|Newsletter - Page 1
A Proposal To Turn Inmates Away From A Life Of Crime
-by Garry Sims
While crime is America's fastest "growth industry," our penal system is our least efficient industry. America's prison system has a failure rate of more than 75 percent, that is, more than 75 percent of the people released today will return to prison within three to four years. More than 50 percent will return for crimes committed within the first few months of freedom. It does not seem to matter how long a sentence a person serves, the return rate is the same.
Any business with a product return rate that high would face stockholders demanding a change. As the "stockholders" in this "business," why have we not demanded a change?
I believe the prison system suffers from a basic design flaw, in that it almost always removes an inmate from the local community where he is most likely to be returned upon release. This results in increased family breakdown as family members are unable to regularly travel great distances to visit. This also prevents local organizations, such as the local church, from working with the inmate to prepare him to return to society.
Projects in several states where inmates were matched up with a free "world mentor" who became his friend in prison and continued to help him upon release have shown incredible reductions in the return rates, reversing them in some cases.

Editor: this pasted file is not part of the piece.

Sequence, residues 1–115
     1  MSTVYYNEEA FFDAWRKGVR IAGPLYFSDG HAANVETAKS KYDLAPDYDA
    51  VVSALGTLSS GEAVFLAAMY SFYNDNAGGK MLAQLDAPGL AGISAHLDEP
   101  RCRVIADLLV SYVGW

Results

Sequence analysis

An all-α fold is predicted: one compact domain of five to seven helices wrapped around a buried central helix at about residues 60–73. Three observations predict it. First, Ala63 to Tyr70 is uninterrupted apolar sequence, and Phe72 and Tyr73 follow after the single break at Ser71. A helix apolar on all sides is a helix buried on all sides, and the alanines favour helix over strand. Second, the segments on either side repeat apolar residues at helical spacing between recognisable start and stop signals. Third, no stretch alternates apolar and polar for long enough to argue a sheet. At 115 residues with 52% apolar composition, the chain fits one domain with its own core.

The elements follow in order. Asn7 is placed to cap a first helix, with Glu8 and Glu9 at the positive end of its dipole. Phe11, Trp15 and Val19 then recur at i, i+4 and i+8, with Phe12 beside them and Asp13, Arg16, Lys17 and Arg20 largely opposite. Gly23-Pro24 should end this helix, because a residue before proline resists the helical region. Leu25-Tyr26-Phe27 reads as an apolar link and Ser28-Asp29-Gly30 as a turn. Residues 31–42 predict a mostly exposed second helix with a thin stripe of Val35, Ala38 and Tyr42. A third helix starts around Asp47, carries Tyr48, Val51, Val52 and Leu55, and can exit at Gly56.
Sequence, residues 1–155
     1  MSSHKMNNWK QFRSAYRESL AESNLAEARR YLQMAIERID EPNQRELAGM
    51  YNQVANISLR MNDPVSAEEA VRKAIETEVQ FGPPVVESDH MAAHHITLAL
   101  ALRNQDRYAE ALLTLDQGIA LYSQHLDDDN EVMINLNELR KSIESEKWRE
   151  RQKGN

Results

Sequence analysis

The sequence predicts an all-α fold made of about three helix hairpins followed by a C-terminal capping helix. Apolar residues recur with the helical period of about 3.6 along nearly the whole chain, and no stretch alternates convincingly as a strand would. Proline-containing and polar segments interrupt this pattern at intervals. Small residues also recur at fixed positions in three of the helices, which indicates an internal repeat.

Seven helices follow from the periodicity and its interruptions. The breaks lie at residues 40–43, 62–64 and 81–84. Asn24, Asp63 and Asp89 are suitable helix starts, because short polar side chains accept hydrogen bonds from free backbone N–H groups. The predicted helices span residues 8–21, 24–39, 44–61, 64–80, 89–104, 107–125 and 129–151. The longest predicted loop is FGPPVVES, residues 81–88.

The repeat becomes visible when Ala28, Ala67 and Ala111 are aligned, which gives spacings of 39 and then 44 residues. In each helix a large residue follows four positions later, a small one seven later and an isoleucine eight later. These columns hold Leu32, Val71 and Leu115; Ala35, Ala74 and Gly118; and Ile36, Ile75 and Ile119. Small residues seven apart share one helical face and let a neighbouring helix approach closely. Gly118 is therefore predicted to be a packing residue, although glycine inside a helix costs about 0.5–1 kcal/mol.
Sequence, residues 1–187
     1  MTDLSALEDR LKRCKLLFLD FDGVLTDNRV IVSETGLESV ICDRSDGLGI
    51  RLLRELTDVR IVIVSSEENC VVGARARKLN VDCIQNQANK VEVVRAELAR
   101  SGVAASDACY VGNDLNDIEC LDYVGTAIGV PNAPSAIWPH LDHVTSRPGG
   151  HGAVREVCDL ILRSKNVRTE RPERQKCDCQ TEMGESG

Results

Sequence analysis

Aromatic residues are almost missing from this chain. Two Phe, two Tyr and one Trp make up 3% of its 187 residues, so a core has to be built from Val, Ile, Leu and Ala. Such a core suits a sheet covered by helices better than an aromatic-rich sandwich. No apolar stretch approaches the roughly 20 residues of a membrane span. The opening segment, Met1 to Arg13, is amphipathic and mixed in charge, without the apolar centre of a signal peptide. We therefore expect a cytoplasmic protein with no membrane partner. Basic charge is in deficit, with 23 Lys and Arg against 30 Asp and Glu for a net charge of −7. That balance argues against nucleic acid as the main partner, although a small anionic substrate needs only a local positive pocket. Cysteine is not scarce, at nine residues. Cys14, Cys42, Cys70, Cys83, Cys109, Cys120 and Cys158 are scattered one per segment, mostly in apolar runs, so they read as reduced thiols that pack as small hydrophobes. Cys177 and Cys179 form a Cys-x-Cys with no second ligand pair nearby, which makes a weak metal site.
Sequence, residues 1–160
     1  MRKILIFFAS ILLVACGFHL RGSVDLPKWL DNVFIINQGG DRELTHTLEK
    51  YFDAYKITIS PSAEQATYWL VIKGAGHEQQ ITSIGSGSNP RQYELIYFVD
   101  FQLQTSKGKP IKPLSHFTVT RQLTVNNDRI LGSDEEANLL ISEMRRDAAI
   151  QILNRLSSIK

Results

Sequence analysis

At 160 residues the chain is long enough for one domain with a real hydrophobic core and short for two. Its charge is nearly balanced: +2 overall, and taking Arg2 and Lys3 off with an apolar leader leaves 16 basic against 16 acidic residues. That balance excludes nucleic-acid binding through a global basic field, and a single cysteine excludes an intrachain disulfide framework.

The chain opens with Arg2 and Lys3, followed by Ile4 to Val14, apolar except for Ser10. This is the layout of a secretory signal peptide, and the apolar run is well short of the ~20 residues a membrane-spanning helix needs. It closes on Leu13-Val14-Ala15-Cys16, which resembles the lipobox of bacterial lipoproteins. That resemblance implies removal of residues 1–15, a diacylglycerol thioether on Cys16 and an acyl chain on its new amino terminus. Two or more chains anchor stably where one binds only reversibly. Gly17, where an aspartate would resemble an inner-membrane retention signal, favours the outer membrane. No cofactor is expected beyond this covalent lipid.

Unless a positive support system exists, both studies and experience have demonstrated that many men released from prison with nothing but good intentions, including men who have come to know Jesus Christ as their personal Savior while in prison, return at the same rate as the general population. There are several reasons for this, all of which could be dealt with if we were to adopt a system of community prisons.
While in prison, an inmate loses the ability to make decision, as all decisions of any importance are made for him. I have known of men getting out after long terms who were unable to even choose what to eat from a restaurant menu. When released into a community where no one trusts them to start with, and no one is there to help with making decisions and adjustments, they soon find themselves in trouble again.
If we were to replace the current prison system with community prisons, that is, local prisons in easy reach of every community, many of the problems that lead to recidivism could be dealt with.
With local prisons, family could visit on a regular basis, keeping that support system intact. The local church would be able to invest its time and effort in the local prison, knowing that these inmates are from their community and upon release would be living in that same community. Local civic groups that already volunteer in prisons would be working with inmates who would be living in their own neighborhoods when released.